“Anti Con Art” Manifesto

Thursday , 4, December 2014 Leave a comment

Seeing Dots s copyI’ve never been inspired by the dynamics that take place within the high end art industry. When the YBAs, very successfully circumvented the art establishment during the mid-nineties, they went on to install their own establishment (sort of like when one dictator overthrows another) which now has its own barriers to entry. To get in you must ‘play the game’, sort of like ignoring the fact the emperor has no clothes along with everyone else and then you have the community’s  blessing to work your way up the ladder. 

Let me start with a statement I read by philosopher Graham Harman, on the condescendingly sounding subject of ‘Speculative Realism‘: “artists sound pathetically naive if they refer to their works as motivated by beauty.” (I have recently created an artwork specifically in reaction to this, you can see it here).

What these sorts of people represent helps me realise that contemporary art has been hijacked by an untalented, academic elite (AKA The Art Mafia).

shit artIt appears to me as if there is an un-acknowledged “cheeky factor” operating in the high end of the contemporary art world. What can an artist get away with as calling art? At the top end they are like a cross between a con man and a magician. Instead of using a wand and a hat, they bring abstract arty language and influential contacts to bear, and hey presto…

Once the artist has a sufficient amount of theory (or bullcrap, in most cases, in my opinion) behind the ‘artwork’ then all the arty people (gallerists, curators, critics, collectors, media etc.) can get behind it adding their lofty opinions on said artwork. Now the snowball effect has been initiated and “value” is apparently being added…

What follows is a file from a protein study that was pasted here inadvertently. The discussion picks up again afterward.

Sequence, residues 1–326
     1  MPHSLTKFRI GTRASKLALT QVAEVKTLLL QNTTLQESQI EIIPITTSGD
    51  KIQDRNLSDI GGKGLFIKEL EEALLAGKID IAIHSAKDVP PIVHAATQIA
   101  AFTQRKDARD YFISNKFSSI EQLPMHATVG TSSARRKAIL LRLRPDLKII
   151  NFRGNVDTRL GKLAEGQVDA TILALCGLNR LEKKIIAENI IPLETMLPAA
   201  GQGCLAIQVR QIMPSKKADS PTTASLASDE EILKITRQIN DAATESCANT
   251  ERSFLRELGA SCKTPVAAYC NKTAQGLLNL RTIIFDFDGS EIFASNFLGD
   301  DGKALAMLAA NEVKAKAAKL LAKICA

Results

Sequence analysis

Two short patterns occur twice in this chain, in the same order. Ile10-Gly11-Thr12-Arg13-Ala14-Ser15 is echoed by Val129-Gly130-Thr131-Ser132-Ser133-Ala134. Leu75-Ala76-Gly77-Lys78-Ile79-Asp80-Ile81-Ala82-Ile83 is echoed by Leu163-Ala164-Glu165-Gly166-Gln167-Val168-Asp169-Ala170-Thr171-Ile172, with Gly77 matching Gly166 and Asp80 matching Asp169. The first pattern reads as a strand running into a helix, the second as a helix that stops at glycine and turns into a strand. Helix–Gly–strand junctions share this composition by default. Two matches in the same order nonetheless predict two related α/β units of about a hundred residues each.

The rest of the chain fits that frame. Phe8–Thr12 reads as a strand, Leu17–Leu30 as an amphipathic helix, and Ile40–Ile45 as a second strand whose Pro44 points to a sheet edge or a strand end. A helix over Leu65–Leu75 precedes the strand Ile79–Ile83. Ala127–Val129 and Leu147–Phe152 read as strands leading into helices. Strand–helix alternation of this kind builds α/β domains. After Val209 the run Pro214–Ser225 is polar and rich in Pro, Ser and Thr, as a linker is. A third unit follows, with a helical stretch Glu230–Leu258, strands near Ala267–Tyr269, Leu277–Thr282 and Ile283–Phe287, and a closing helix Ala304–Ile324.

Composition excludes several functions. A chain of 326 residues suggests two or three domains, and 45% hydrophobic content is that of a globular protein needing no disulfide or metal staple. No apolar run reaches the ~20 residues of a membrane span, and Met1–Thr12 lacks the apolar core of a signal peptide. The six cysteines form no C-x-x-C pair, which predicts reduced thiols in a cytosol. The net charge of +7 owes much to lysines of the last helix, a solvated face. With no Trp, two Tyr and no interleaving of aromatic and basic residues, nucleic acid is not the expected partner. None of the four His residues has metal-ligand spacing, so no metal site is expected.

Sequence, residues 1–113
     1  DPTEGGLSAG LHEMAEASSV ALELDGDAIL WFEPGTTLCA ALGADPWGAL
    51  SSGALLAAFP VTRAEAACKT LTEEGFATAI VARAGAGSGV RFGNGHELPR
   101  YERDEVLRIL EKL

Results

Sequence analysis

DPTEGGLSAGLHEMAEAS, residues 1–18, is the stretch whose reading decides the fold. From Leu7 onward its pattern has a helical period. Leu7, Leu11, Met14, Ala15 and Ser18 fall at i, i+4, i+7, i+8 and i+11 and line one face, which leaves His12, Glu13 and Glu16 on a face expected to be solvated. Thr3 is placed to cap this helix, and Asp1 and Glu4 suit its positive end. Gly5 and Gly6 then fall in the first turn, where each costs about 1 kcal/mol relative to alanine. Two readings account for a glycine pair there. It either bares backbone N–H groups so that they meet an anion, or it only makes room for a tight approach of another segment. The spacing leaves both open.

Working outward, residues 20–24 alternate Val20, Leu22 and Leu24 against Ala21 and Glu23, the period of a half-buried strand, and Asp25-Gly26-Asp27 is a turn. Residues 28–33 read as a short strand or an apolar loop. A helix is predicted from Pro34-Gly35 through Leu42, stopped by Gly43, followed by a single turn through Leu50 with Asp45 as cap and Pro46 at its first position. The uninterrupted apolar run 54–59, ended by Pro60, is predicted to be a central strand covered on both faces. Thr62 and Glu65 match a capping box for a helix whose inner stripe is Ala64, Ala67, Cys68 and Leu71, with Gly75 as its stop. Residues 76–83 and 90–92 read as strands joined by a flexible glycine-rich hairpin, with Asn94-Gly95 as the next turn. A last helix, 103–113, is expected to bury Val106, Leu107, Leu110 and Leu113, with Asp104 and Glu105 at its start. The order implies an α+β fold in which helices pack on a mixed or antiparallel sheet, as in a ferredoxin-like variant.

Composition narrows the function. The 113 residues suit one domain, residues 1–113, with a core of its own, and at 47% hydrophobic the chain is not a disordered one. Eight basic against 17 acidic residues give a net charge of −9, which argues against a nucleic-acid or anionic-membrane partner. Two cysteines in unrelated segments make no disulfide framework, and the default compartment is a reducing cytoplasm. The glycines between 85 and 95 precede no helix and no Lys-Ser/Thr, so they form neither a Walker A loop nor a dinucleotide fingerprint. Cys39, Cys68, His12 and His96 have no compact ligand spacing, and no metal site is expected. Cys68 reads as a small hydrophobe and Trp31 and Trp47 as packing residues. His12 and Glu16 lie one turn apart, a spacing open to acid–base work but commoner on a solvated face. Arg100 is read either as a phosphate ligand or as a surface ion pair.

The point I’m trying to make is that there is a growing community of arty people (not necessarily the artists themselves) who rely on controversial artworks in order to apply their trade-craft of adding value (through over analysing and over theorising an artwork, thereby inflating the importance of that work) to earn a living and validating their role in the art world.

In other words these art world academics require controversial material to consume and then regurgitate their version of arty gibberish to seem clever and ‘in the know’, ultimately getting paid from inflating the value of a work (taking their cut, by playing their part, somewhere along the line). 

I call bullshit artIt’s obviously a sensitive topic to discuss because it debases the positions these thousands of people hold in art. But it’s a subject with too little discourse!

This is because you would have to be in the art world to have the valid insight to make this clear. As a practising artist at an early stage in my career I have been advised to play along with this game (by arty people). I have that insight but don’t feel I need to play along. I believe in my work enough and have the self-respect to play it my way. I don’t even rely on galleries to sell my work, I’m lucky to have enough buyers that come direct to me to support my practice. I don’t need either their blessing or support structure (not that I turn it down) I can work as an artist outside of their rules of acceptance, likely at my own risk.
I regularly interact with the art world. I have many friends within the art game and they are all lovely people. But the industry they are operating within is rotten & corrupt (most wouldn’t even try to deny this, although they might need a couple drinks first before openly admitting that).

Screen Shot 2014-10-20 at 18.54.51Perhaps part of my role within art is to bring the issues I’ve outlined here, out into the open.

I certainly know the public is ready to have this all clearly illuminated. As I write this, Paul McCarthy’s butt plug sculpture has been vandalized in Paris and the Jeff Koons retrospective in New York has been tagged (saying “PPPriceless”) by a graffiti artist.

I think more people sympathize with these actions than actually condemn them…

Below is a take on the subject by Paul Watson,

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